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Methods for Distance Learning
The concept of What is old is new again, seems to ring true, especially when it comes to processes involving the use of information technology. Historically, certain processes required the physical on-site presence of an individual to be completed. The following are just a few examples of how lives have been simplified because of the change in delivery method:
Online Shopping in lieu of mail order catalogs
Video streaming services in lieu of video rental stores
Craigslist and eBay in lieu of newspaper or magazine classified ads
Travel websites in lieu of travel agencies
Wikipedia in lieu of an encyclopedia
Search engines in lieu of library microfiche
Text messages in lieu of telegrams
News aggregators in lieu of newspapers
Distance (online) learning in lieu of correspondence courses
Although it may seem relatively new, distance learning (DL) has been around for centuries. The delivery method for DL has changed from a dependency on postal services and satellite campuses to communicating with classmates in real time and worldwide through the touch of their fingertips.
It is not too surprising that the naming conventions vary depending on the means by which education is delivered, i.e., from classroom instruction to correspondence courses to distance (online) learning. There are a variety of labels used to describe DL processes today, including the following:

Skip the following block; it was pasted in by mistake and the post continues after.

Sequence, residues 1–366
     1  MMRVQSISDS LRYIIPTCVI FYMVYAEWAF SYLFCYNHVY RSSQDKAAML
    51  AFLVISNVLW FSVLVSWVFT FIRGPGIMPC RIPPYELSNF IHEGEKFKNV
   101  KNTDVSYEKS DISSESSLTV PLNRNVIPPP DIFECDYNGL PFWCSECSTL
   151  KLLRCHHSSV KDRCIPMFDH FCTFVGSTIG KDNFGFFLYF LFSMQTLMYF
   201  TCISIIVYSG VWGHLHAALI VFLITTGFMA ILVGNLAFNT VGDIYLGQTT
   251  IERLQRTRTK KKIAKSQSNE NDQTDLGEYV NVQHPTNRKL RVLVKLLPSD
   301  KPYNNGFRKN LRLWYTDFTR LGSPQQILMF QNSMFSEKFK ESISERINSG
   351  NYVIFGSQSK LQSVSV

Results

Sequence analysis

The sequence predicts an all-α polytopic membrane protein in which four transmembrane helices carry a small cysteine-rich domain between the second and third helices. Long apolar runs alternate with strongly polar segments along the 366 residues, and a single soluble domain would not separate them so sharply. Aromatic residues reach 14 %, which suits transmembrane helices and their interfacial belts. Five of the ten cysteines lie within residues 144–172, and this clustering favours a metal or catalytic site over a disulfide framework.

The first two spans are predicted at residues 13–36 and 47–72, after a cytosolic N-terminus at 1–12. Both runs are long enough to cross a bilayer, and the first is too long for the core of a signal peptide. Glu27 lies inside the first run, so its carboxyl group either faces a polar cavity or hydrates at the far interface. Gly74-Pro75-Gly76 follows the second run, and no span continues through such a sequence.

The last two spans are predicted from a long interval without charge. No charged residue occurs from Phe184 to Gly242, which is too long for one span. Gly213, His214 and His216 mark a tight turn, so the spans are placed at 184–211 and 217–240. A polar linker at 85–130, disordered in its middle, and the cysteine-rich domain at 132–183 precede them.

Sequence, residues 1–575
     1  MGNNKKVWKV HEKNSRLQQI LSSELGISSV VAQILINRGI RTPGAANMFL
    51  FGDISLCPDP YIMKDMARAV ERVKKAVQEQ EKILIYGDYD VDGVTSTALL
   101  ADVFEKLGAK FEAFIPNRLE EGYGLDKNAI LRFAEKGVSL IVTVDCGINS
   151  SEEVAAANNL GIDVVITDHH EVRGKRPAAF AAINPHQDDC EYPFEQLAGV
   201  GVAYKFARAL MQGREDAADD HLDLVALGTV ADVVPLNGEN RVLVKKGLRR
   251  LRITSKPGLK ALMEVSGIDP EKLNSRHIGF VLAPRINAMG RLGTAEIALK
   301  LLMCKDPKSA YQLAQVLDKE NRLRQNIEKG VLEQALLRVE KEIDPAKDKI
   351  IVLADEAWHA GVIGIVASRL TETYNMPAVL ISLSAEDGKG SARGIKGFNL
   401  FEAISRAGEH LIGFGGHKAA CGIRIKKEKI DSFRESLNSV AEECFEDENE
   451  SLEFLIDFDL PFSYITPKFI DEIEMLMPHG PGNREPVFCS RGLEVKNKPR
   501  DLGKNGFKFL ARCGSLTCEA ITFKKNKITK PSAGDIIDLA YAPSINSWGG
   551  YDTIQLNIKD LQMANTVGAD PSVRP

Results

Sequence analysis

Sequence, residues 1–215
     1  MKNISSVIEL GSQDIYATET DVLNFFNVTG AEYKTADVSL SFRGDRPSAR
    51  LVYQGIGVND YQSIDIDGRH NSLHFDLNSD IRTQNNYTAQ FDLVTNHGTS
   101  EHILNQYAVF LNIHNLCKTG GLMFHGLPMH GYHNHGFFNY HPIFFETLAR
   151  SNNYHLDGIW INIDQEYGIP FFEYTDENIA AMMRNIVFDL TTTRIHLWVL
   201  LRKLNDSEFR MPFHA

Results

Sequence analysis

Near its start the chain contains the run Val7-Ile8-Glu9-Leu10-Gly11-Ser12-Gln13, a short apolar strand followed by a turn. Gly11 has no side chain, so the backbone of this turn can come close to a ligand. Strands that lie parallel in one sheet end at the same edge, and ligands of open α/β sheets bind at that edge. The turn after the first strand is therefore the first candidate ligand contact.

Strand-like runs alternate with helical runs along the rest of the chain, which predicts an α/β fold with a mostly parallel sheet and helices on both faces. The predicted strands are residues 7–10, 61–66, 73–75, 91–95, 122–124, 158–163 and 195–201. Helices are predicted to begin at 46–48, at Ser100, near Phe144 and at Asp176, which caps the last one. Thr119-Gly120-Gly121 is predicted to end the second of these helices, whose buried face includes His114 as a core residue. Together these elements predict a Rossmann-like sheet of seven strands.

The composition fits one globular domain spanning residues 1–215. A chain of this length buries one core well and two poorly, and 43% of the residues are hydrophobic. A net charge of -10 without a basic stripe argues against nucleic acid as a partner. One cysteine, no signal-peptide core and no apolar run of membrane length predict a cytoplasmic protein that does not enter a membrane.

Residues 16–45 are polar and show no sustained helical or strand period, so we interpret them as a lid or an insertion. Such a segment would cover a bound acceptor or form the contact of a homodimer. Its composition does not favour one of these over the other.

Synchronous Distance Learning is real-time DL, whether in a classroom or virtual, through live communication.
Asynchronous Distance Learning is learning performed at your own pace but guided by a designated schedule that ensures the course will be completed on time.
Broadcasting Courses are courses that use television or radio as a means to broadcast lessons in correlation with face-to-face and independent learning.
Teleconferences and Videoconferences are used in DL for collaborating with fellow students and making presentations and as a means to view live lectures.
Hybrid Distance Learning (aka blended learning) is independent DL in which lessons and learning activities are performed online. Typically, no classroom instruction is required unless the degree program requires a student to attend an annual face-to-face residency of some sort.
e-Learning is technology-supported learning (TSL) utilizing various forms of computer technology tools to provide communication and collaboration with classmates and instructors.
m-Learning is technology-supported learning via mobile devices; it is a process similar to e-Learning.
Despite the delivery methods used and associated labels provided, they all fall under the family of distance (online) learning, and as technology continues to evolve, so will the list of methodologies available for an online DL education. The key to making your learning experience a positive one is to use the method of delivery that best suits your lifestyle.
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